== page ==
An inside source at the prison commented on the unusual band, saying, ‘When they play, they look like a normal, talented group of musicians. You wouldn’t think they were all killers. The equipment is really good – I bet people on the outside would love getting this music gear for free.’ He went on to explain that the prison’s diversity team was responsible for organising the concerts, saying, ‘They make sure there’s something for you whether you are black, white, straight, gay whatever. Last year there was a gay day, and a guy came in dressed in police uniform. You wouldn’t believe half the stuff that goes on in here.’

A Ministry of Justice spokesperson claimed that there were no musical bands in prison, but refused to comment on whether inmates were allowed access to instruments. But it wasn’t the first time that criminals had come together to make music. In 2008, murderer Rickie Tregaskis recorded a CD in Broadmoor with sex offenders Robert White and Lee Porritt, to compete with rival group The Incurables, made up of six violent lawbreakers led by rapist Gary Dyer. Some staff were said to be disgusted by their dark lyrics, and it was reported that during a performance, they sung on stage with a female therapy assistant clad in a revealing outfit. A Broadmoor spokesperson defended the musical programme, saying, ‘There are proven clinical benefits to activities that stop patients becoming withdrawn’.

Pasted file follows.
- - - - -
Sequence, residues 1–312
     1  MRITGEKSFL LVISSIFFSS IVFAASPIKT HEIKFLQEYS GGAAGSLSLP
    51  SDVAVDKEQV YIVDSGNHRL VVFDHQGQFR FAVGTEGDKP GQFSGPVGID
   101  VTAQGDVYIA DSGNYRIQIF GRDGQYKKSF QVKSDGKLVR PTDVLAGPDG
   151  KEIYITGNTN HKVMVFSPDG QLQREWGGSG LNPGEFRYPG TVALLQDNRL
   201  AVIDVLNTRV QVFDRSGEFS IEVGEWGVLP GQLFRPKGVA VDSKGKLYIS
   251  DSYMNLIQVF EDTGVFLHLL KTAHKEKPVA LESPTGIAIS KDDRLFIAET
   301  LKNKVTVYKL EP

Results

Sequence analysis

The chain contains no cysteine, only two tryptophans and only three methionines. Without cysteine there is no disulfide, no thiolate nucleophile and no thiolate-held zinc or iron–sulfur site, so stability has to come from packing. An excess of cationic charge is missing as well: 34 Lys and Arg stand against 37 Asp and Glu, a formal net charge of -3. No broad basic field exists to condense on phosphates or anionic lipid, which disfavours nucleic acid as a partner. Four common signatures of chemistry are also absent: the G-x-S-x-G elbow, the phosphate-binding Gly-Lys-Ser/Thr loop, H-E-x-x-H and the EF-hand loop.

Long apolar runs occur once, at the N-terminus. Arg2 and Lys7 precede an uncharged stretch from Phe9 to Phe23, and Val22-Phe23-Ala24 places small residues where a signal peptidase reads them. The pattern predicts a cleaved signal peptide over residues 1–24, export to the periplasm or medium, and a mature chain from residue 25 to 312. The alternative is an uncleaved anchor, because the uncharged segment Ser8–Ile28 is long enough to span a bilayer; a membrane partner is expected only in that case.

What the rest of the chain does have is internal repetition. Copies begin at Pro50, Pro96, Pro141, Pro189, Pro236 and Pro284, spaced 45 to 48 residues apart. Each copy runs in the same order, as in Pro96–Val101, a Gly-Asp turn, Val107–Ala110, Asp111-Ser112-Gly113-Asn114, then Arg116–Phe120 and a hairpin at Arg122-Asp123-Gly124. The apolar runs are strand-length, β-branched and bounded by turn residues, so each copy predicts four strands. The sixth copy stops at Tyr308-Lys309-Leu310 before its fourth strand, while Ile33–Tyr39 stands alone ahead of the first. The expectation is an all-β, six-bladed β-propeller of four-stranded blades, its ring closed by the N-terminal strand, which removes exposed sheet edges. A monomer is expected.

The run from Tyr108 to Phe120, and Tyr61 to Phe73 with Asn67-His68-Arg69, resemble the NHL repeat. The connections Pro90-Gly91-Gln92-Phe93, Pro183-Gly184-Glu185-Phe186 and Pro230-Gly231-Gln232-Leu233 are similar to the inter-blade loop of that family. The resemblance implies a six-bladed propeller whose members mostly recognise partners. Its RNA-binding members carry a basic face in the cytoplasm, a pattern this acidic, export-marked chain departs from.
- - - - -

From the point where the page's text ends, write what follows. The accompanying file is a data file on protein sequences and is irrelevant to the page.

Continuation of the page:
Whether we support the freedom to enjoy music while incarcerated, or whether these tales leave us on a sour note, most of us would agree it is surprising that four cruel men could come together to create something pleasant and melodic, when each of them caused such discord and disharmony in their lives outside.